At one time the rector was Miles Coverdale who was responsible for the first complete English bible published in 1535; a tablet was erected to him in St Magnus in 1837 and his remains were moved here from St Bartholomew's-by-the-Exchange when that church was destroyed in 1840. The parish was amalgamated with that of St Margaret New Fish Street, a church destroyed in the Great Fire, its site is now The Monument, and also that of St Michael Crooked Lane, a C13th church demolished in 1831 when London Bridge Approach was built.

The churchyard is largely paved with some planting towards the river up low steps and there are railings fronting onto Lower Thames Street. In the churchyard is a fragment of timber, one of the oak baulks of which the early Roman embankment was built, which was found on the other side of Lower Thames Street in 1931. A Roman gateway leading from the bridge to the City of London probably stood where the tower is. Also in the churchyard are a number of fragments of stone arches from Old London Bridge discovered in 1921 when Adelaide House, adjacent to the church, was built.

Sources consulted:

Simon Bradley & Nikolaus Pevsner, 'The Buildings of England, London 1: The City of London', 1997 (1999 ed.); George Godwin & John Britton 'The Churches of London: A history and description of the Ecclesiastical Edifices of the Metropolis, Volume II', London, 1839; Philip Norman, 'The London City Churches, Their Use, Their Preservation and Their Extended Use', The London Society, (1920s); London Diocesan Advisory Committee for the Care of Churches data

Further Information (Planning and Conservation)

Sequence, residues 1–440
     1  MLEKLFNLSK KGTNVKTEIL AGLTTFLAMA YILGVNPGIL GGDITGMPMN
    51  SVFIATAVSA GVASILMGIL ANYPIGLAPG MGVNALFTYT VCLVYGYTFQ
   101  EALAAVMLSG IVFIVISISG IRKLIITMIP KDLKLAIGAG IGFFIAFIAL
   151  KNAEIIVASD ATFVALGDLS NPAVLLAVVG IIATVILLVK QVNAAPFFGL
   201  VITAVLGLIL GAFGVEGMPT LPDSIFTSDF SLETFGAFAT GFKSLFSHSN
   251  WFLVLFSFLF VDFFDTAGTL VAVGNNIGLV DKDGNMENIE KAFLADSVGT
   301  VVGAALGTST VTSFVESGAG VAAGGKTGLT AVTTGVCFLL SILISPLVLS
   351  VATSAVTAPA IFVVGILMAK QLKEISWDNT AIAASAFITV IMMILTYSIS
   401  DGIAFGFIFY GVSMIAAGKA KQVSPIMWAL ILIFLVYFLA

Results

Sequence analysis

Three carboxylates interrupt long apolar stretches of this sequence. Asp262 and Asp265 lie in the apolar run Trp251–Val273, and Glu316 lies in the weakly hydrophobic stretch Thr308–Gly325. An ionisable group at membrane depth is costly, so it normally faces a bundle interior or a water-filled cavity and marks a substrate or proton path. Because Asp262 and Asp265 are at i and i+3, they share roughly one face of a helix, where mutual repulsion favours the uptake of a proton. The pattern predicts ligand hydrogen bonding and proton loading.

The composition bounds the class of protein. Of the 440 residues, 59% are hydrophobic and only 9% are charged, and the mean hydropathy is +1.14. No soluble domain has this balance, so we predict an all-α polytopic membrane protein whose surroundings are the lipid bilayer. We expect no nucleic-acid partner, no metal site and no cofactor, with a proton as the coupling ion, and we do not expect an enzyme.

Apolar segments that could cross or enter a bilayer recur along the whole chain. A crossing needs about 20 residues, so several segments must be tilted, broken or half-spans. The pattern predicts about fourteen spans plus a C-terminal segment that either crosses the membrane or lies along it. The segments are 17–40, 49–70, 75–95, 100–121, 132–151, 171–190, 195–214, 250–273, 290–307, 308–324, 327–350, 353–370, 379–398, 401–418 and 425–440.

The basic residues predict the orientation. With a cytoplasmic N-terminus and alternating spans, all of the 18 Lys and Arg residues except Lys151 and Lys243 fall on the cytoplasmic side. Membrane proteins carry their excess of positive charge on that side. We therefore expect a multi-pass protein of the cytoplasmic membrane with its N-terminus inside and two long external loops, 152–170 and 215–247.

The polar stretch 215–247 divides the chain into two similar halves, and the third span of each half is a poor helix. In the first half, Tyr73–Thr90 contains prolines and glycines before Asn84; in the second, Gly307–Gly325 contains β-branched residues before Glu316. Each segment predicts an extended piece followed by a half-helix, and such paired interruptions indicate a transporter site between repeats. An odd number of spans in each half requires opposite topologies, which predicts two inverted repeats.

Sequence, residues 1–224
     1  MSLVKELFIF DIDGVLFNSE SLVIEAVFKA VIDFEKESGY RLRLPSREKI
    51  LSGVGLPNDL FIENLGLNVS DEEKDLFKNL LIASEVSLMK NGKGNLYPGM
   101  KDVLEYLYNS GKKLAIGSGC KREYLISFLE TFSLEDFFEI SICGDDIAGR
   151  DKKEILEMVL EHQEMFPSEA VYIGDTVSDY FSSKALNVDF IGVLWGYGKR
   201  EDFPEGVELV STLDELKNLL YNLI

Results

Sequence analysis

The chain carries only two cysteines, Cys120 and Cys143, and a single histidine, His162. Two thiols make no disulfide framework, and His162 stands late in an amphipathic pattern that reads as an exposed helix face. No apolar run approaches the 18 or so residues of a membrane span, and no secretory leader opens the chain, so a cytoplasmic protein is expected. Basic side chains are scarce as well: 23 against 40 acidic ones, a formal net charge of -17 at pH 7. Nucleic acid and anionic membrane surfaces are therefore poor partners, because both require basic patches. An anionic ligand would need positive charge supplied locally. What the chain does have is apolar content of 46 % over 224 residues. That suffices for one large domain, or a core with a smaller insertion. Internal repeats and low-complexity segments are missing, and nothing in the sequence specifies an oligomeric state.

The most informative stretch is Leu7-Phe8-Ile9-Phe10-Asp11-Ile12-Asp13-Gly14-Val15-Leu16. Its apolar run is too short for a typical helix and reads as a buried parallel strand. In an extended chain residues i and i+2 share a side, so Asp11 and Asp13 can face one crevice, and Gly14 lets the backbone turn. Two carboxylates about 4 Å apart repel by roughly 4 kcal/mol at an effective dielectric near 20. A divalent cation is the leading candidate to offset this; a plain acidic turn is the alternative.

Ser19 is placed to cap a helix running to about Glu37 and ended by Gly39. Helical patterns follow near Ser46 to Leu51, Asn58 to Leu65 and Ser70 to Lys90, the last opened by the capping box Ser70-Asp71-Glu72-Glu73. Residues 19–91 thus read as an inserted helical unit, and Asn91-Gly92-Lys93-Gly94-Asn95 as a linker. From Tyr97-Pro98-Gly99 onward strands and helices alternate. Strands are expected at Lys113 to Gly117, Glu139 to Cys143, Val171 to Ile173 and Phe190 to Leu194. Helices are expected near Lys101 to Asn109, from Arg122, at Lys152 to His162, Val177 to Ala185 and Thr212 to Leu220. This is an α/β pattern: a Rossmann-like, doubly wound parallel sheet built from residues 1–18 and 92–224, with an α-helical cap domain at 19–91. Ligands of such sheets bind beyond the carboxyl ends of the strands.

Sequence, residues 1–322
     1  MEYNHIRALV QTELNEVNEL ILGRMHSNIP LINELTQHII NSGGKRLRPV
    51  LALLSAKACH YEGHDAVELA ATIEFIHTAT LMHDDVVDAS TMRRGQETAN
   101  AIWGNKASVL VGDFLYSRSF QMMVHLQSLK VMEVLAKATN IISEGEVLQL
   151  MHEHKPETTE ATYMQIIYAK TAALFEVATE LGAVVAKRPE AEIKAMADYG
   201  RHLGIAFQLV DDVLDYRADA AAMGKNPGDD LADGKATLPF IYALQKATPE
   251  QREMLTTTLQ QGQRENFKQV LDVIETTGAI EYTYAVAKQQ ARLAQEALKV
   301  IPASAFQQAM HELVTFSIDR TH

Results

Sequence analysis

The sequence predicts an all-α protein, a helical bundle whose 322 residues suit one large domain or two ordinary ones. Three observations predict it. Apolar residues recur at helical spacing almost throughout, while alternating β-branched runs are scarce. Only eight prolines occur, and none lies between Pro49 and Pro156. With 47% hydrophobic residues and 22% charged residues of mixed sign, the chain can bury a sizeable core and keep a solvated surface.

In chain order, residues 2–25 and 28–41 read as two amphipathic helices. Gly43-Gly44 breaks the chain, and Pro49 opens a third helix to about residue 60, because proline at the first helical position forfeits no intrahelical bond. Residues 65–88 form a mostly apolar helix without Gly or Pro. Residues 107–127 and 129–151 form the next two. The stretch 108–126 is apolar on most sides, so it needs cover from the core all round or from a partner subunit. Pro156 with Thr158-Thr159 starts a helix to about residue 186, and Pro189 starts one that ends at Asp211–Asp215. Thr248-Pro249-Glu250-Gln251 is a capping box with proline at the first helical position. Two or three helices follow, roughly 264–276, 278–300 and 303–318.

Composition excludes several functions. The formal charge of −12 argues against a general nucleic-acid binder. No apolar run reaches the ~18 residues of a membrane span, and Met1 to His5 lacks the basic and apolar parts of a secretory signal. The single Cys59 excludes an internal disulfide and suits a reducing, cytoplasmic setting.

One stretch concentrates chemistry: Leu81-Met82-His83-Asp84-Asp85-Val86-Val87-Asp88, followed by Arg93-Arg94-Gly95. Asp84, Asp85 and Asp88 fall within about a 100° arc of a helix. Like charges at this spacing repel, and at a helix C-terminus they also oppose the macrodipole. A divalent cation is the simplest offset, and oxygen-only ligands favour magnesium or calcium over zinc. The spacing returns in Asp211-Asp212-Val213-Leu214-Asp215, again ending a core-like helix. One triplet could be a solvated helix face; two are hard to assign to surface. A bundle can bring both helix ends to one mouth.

Grid ref:
TQ329806 (532890,180660)
Size in hectares:
0.0318
Site ownership:
Diocese of London
Site management:
City of London Corporation Open Spaces Dept.
Date(s):
medieval; 1671
Designer(s):
Listed structures:
LBI: St Magnus the Martyr Church
On National Heritage List for England (NHLE), Parks & Gardens:

No
Registered common or village green on Commons Registration Act 1965:

No
Protected under London Squares Preservation Act 1931:

No

Local Authority Data

The information below is taken from the relevant Local Authority's planning legislation, which was correct at the time of research but may have been amended in the interim. Please check with the Local Authority for latest planning information.

On Local List:
No
In Conservation Area:
No
Tree Preservation Order:
No
Nature Conservation Area:
No
Green Belt:
No
Metropolitan Open Land:
No
Special Policy Area:
Yes - Thames Policy Area
Other LA designation:
Strategic Viewing Corridor
Photos

St Magnus the Martyr Churchyard

St Magnus the Martyr Churchyard Plaque, May 2010. Photo: S Williams

St Magnus the Martyr Church from Lower Thames Street, May 2010. Photo: S Williams
2010
St Magnus the Martyr Churchyard, May 2010. Photo: S Williams
2010
St Magnus the Martyr Churchyard with The Monument beyond, October 2002. Photo: S Williams
2002
Engraving of St Magnus, London Bridge, 1838 reproduced from Godwin, 'The Churches of London' Vol II, 1839
1838

Click a photo to enlarge.